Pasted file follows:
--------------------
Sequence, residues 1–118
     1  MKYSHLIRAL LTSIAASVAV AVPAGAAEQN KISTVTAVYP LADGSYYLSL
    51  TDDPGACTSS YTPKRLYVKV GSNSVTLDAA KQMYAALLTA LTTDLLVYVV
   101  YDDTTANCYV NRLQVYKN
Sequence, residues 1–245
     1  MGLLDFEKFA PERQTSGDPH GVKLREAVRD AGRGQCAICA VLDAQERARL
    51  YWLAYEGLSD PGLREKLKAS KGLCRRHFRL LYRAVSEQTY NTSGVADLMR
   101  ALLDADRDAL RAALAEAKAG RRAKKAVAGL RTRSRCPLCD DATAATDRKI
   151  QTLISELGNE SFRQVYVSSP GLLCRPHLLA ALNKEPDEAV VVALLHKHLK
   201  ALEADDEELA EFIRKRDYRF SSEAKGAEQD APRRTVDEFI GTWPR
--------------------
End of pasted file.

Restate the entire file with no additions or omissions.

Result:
Sequence, residues 1–118
     1  MKYSHLIRAL LTSIAASVAV AVPAGAAEQN KISTVTAVYP LADGSYYLSL
    51  TDDPGACTSS YTPKRLYVKV GSNSVTLDAA KQMYAALLTA LTTDLLVYVV
   101  YDDTTANCYV NRLQVYKN
Sequence, residues 1–245
     1  MGLLDFEKFA PERQTSGDPH GVKLREAVRD AGRGQCAICA VLDAQERARL
    51  YWLAYEGLSD PGLREKLKAS KGLCRRHFRL LYRAVSEQTY NTSGVADLMR
   101  ALLDADRDAL RAALAEAKAG RRAKKAVAGL RTRSRCPLCD DATAATDRKI
   151  QTLISELGNE SFRQVYVSSP GLLCRPHLLA ALNKEPDEAV VVALLHKHLK
   201  ALEADDEELA EFIRKRDYRF SSEAKGAEQD APRRTVDEFI GTWPR